Maureen Franciscus, 45, of Beechview waited outside in her car, unable to retrieve her fourth-grade daughter.

“To have the helicopters and all the police — I got scared because I thought, ‘Is that my daughter's school?' ” Franciscus said.

When she got to the school, neighbors shouted at people to run inside and lock their doors, Franciscus said.

Patty Losekamp had her daughter, a sixth-grader, and son, a junior at Brashear, home from school on Wednesday.

“My greatest fear has always been I would turn on the news one day and hear there was a shooting at my kids' school,” Losekamp said. “I am very traumatized. I don't know when I'll let them go back.”

Both Brashear and adjacent South Hills Middle School will open on Thursday on modified lockdown status, said Superintendent Linda Lane. Only students, staff and visitors with a scheduled appointment will be allowed entry.

“We are taking this matter seriously and focusing on the safety of our students. Our thoughts go out to the families of the victims,” Lane said in a statement.

Shortly after the shooting, the father of victim Robert Eugene Minor III waited with family outside UPMC Mercy. He said his son was shot in the neck.

“I'm still in the dark,” said Robert Minor, 37. “I just know they were leaving the building to go to their car.”

He said his son was talking and that he is good friends with the other victims.

“He's a good kid,” Minor said. “He's a gentle, big guy.”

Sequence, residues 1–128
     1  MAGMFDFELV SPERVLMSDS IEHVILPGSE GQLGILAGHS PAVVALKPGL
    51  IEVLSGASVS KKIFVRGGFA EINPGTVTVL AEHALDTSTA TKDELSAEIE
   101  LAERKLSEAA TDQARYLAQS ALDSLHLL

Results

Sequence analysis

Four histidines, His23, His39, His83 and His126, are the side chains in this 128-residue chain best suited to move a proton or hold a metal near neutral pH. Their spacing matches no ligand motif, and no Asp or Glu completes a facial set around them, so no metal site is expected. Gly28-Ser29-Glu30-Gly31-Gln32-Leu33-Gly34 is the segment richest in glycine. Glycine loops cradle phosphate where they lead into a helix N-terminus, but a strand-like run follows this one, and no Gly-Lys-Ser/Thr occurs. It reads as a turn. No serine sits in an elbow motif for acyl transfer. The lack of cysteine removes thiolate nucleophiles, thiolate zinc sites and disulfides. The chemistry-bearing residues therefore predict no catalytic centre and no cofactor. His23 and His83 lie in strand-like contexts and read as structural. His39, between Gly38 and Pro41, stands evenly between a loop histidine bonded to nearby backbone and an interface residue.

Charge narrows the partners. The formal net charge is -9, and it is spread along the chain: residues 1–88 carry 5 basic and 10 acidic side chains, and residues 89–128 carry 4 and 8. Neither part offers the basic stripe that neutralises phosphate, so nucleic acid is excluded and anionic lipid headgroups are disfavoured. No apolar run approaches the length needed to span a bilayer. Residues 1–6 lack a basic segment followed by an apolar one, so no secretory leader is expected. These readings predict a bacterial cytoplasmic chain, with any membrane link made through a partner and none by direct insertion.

Kraus said the victims were involved in the Oct. 18 attack on Willet but did not say how.

“It is believed that the motive of the assault on Willet was robbery and it was drug related,” city police spokeswoman Diane Richard said. “Willet failed to prosecute the individuals involved. According to (school) officials, Willet has not returned to school since the assault.”

Police recovered a handgun but do not know if it was the gun used in the attack. Kraus said a juvenile accompanied Willet but is not facing charges “at this time.”

The shooting occurred off school property, while the victims walked near Crane and Lowenhill avenues.

Whether it happened on school property or not, students will be affected, said Amy Klinger, director of programs for the Educator School Safety Network and assistant professor of educational administration at Ohio's Ashland University.

“This is not a textbook, rampage sort of high-profile shooting. It's not a Sandy Hook or a Virginia Tech, but it still impacts a number of students,” she said. “No school is immune from this type of shooting, stabbing or violent intruder.

“In these unstructured times, you need response procedures that work before and after school that give teachers and students a way to react in any setting, in or outside the building,” she said.

The Rockland Avenue duplex, about a mile from the high school, is owned by Kathy Kruger. Her husband, Carl Samples, 57, of Mt. Lebanon, said Kruger rents out the property and that A.J. Willet lives there with his father, John Willet, 37.

“From my experience, John is a good guy, (but) my relationship with him is minimal,” Samples said.

Neighbors said they believe residents in the home deal drugs. One neighbor said she went inside the house once and smelled a strong odor of marijuana.

Julian Leiber, 19, of Beechview, a 2012 Brashear graduate, said he knows Willet as a local rap artist.

“They were pretty good,” he said. “I don't think they'd mess anything up for themselves, not like this. ... When I heard about the shooting and saw my boy A.J. in cuffs on TV, I was like, ‘For real?' ”

Police cleared the area and reopened streets after 5 p.m.

Trib Total Media staff writers Tory N. Parrish, Adam Brandolph, Debra Erdley, Megan Harris and Michael Hasch contributed to this report. Chris Togneri, Margaret Harding and Adam Smeltz are staff writer for Trib Total Media. Togneri can be reached at 412-380-5632 or ctogneri@tribweb.com. Harding can be reached at 412-380-8519 or mharding@tribweb.com. Smeltz can be reached at 412-380-5676 or asmeltz@tribweb.com.